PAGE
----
This interview excerpt with communications professional Michael Slind discusses the dynamics, content, and method of communication within an organization. Slind uses the term “organizational conversation” to describe the communication he promotes between leaders and those they lead. Slind’s suggested model of communication is non-hierarchical and “marked by intimacy, interactivity, inclusion and intentionality.” This kind of conversation is more open and honest than a traditional, hierarchical, top-down style of leadership communication that institutions typically embody and promote. “Organizational conversation” has advantages, says Slind. He believes that ultimately this kind of conversation creates more trustworthy and flexible institutions and naturally leads people to a deeper commitment to the goals of the institution. This communication method is beneficial for leaders because they learn what people care about, what people know, and where the organization’s challenges and lie. In other words, “organizational conversation” gives leaders information they need to lead. The contemporary world is fast-paced and noisy. Leadership is becoming increasingly difficult, and organizational leaders must communicate effectively to be heard. Slind’s theory of communication offers one way for organizational leaders in all types of congregations to stay nimble and relevant in this changing world.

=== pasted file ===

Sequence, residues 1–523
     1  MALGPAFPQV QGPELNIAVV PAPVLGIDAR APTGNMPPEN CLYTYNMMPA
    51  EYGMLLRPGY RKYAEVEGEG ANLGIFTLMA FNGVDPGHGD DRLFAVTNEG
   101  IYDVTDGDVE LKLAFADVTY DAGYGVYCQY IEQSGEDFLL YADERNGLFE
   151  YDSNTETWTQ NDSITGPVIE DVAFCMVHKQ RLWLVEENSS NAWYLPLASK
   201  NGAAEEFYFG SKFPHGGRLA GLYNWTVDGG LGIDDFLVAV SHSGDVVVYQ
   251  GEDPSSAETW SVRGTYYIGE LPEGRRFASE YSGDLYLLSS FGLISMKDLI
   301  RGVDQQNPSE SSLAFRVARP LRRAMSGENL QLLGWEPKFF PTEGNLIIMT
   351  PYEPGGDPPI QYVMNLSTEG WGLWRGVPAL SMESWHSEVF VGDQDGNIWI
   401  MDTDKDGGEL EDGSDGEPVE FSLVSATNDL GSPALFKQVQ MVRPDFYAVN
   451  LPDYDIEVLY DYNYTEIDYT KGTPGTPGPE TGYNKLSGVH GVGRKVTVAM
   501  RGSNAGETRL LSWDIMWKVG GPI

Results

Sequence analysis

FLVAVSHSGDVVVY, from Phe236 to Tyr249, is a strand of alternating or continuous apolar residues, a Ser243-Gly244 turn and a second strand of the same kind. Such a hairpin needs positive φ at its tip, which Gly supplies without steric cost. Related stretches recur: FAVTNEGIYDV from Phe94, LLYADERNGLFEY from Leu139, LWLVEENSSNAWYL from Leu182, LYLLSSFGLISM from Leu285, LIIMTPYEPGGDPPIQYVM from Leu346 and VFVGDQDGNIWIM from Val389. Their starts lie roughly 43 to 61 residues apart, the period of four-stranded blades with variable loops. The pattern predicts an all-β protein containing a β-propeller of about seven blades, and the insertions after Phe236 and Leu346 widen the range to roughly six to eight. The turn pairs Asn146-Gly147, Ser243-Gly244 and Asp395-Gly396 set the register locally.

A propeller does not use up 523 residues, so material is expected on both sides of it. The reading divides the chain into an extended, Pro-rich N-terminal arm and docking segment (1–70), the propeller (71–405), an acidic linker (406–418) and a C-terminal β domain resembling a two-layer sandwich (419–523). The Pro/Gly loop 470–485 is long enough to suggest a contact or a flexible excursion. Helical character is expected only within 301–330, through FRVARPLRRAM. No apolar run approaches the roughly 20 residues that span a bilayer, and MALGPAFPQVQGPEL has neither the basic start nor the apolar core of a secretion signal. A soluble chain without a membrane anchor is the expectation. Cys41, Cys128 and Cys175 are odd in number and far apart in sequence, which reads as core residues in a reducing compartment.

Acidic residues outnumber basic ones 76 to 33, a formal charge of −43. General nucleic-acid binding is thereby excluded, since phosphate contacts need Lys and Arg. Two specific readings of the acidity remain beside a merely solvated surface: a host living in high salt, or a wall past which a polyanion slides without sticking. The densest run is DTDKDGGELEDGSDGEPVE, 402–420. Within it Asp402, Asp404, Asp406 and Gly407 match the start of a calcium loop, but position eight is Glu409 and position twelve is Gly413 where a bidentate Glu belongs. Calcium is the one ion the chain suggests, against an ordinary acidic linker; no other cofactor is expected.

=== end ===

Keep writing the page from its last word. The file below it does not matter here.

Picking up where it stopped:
Reviewed by Janet Hoover